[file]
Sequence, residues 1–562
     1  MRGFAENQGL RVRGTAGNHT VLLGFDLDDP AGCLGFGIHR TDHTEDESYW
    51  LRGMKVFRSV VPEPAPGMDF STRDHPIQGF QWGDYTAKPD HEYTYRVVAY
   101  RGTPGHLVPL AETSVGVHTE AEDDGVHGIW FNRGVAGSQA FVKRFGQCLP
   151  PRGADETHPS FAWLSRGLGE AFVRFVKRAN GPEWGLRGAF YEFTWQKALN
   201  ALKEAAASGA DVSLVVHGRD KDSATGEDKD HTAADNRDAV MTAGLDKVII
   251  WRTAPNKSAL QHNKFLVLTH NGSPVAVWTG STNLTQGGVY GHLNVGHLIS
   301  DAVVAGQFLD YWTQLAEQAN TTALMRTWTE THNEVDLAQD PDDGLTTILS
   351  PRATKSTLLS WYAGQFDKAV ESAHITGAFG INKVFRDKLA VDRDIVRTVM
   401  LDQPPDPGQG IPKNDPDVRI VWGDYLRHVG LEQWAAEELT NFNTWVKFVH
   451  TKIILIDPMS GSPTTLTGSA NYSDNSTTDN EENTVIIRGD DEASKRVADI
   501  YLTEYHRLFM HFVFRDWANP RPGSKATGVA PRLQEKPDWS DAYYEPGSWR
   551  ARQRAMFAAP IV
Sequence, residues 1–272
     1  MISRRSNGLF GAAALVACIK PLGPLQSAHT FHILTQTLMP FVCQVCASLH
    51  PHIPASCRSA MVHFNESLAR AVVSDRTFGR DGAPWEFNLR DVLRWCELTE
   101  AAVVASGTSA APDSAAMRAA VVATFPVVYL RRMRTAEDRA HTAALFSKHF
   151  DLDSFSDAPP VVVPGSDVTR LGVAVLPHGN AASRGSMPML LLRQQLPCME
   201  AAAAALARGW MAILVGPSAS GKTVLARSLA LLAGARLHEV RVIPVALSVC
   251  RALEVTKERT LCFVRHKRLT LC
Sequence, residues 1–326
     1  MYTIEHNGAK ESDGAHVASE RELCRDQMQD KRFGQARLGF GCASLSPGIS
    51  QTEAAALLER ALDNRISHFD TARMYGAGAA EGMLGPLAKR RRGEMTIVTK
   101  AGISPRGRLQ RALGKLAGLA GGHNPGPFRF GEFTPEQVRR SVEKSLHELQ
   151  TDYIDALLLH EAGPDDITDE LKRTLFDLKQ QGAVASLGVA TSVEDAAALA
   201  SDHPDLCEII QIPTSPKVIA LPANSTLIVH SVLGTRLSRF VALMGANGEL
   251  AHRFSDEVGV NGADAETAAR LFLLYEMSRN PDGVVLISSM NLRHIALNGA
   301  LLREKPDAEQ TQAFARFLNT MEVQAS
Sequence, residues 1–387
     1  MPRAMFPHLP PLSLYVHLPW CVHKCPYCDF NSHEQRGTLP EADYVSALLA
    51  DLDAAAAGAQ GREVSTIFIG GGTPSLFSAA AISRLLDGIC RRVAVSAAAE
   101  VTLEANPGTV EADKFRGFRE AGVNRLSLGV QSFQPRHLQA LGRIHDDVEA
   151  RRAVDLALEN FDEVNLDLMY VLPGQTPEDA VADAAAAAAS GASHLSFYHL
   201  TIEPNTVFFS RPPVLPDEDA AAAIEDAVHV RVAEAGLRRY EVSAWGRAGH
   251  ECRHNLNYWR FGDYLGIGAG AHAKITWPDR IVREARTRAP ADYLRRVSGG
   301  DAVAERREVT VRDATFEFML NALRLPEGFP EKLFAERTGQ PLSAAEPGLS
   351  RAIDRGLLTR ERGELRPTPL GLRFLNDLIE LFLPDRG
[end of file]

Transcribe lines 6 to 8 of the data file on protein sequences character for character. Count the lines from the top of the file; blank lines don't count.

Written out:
   201  ALKEAAASGA DVSLVVHGRD KDSATGEDKD HTAADNRDAV MTAGLDKVII
   251  WRTAPNKSAL QHNKFLVLTH NGSPVAVWTG STNLTQGGVY GHLNVGHLIS
   301  DAVVAGQFLD YWTQLAEQAN TTALMRTWTE THNEVDLAQD PDDGLTTILS